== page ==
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‘Tis the season for Death & Taxes

By Nora Tarte

Photos by Eric Marks

So, you filed your taxes—sounds like time to celebrate.

And what better way to toast cheers to the end of tax season than with a cocktail at the appropriately named Death & Taxes?

The sophisticated speakeasy is a Midtown staple, one that has been there since the early days of gentrification. And when you step in, you are transported to the 1920s with the décor and cocktail list.

We want to be clear that Death & Taxes is a speakeasy in style but not in the sense that you need a secret code or a map to enter. Located on Cheney Street, the bar faces the street and it’s easy to enter up the front steps.

Once you’re inside, however, you’ll feel like you’re somewhere new—or old. We warn it can get crowded on the right night but if you’re lucky, you’ll be able to grab a big leather couch next to a fireplace for your crew to sip in style. Bar seats are a good second choice and better than the standing room only you may encounter on a weekend.

“Death And Taxes” owner Ivan Fontana prepares some specialty garnishes that he grows on location. Image: Eric Marks / This Is Reno

Wine and beer is on the menu, but it’s the craft cocktails that make Death & Taxes what it is. I especially appreciate how the menu is set up, organized by type of liquor. 

So, if you know you’re a gin drinker, simply flip to that page (it’s a big menu) and weigh your options between the Final Say—made with gunpowder Irish gin, green chartreuse, iron wort, blanco vermouth and wine—and the Friday’s Child—featuring Hendrick’s gin added to aloe, mint, white port, clarified pineapple and finished with lime.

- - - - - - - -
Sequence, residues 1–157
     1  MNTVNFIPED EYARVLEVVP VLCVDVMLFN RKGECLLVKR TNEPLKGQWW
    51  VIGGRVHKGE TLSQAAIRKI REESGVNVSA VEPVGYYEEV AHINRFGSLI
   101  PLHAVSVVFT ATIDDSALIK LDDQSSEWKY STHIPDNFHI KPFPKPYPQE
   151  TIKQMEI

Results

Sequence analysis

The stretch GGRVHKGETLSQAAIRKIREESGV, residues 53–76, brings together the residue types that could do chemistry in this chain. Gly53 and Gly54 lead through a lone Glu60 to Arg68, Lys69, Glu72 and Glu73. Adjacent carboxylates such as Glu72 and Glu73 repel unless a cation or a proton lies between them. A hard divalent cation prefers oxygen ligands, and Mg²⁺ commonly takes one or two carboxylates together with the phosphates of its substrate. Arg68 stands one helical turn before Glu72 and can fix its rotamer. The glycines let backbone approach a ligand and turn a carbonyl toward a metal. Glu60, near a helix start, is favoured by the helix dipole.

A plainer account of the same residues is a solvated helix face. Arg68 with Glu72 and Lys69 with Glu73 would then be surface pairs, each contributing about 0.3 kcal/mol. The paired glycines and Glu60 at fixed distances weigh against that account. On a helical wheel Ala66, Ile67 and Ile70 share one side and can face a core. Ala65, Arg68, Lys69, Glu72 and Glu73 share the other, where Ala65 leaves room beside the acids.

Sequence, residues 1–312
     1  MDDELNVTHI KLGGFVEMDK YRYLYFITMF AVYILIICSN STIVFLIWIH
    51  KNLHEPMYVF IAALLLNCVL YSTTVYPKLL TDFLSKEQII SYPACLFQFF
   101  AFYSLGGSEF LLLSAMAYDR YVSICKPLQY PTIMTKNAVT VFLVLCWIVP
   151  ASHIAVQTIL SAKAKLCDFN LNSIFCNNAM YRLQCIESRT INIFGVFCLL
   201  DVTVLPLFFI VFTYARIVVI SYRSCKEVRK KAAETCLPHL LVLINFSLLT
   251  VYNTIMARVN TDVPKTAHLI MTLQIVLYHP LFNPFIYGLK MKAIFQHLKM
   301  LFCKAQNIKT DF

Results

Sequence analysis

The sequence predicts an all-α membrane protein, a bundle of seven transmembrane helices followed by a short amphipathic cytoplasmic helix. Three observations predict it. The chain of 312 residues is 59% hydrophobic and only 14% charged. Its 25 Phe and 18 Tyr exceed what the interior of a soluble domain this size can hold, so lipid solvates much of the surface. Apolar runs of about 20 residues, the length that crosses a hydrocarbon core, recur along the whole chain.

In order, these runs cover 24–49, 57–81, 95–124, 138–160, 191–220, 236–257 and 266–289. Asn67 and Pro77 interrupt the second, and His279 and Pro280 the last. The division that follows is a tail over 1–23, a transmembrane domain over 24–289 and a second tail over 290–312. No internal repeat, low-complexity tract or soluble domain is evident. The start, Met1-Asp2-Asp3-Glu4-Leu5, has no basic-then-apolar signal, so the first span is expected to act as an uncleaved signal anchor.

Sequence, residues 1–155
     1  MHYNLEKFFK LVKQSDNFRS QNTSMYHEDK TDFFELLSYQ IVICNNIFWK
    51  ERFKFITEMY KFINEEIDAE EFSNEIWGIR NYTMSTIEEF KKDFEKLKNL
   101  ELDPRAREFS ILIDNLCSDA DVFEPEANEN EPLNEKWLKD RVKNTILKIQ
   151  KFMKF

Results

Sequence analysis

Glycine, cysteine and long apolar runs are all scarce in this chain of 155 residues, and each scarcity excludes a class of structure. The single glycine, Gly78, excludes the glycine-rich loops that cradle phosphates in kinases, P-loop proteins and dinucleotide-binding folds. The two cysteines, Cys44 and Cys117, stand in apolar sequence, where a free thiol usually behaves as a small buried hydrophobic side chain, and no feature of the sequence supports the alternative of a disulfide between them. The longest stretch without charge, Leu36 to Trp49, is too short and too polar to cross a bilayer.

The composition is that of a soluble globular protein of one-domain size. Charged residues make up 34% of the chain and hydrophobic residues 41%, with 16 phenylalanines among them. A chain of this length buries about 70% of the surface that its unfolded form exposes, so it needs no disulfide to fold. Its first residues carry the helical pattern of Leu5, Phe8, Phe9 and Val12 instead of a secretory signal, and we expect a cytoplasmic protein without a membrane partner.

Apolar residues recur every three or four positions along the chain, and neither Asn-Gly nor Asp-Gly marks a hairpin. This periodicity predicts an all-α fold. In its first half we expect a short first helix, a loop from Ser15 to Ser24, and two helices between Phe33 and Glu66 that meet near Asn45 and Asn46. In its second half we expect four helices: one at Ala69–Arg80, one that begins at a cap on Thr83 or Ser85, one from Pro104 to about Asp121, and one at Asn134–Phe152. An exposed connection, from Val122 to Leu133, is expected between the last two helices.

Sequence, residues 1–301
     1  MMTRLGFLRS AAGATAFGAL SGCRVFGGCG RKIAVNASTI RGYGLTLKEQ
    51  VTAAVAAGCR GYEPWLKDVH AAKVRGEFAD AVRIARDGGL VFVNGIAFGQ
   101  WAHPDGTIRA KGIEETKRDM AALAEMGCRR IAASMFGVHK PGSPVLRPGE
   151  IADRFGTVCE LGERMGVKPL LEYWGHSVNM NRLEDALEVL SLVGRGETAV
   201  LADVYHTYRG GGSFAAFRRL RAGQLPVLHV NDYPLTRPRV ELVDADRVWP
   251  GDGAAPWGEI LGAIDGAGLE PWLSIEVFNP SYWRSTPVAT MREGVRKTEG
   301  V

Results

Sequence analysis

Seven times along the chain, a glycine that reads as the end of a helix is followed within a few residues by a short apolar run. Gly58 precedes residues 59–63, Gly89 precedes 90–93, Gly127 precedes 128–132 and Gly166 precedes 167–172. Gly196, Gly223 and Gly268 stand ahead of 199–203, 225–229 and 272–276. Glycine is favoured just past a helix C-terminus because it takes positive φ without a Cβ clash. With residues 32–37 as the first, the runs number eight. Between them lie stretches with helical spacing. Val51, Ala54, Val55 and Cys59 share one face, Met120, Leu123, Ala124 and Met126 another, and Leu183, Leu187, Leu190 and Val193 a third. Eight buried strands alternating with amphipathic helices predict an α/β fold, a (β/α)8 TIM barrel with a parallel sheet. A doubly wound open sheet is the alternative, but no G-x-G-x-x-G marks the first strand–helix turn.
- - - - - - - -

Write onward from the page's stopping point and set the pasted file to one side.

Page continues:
There are several others ranging from the always-popular gin and tonic to floral and citrus concoctions.

This same process can be repeated for whiskey, rum, vodka and agave.

There is also a list of suggested cocktails that represent some establishment favorites and a “baller” list for those that want to feel fancy, and maybe drop a few extra dollars. 

The Good As Gold features 24K gold vermouth and is the most affordable extra on the menu, ringing up at $15. The list maxes out at $95 with the luxurious Tuxedo Reserva, concocted with a 30-year-old sherry.

The central location is a positive for those looking for a night on the town. While the drinks here are one-of-a-kind, there is no food in sight, which means you may be snacking on late-night pizza or enjoying a pre-drinks dinner of Korean fusion food at Arario Midtown.

Details

26 Cheney Street, Reno, Nev.
775-324-2630
Sunday – Thursday 2 to 11 p.m.
Friday – Saturday 2 p.m. to Midnight

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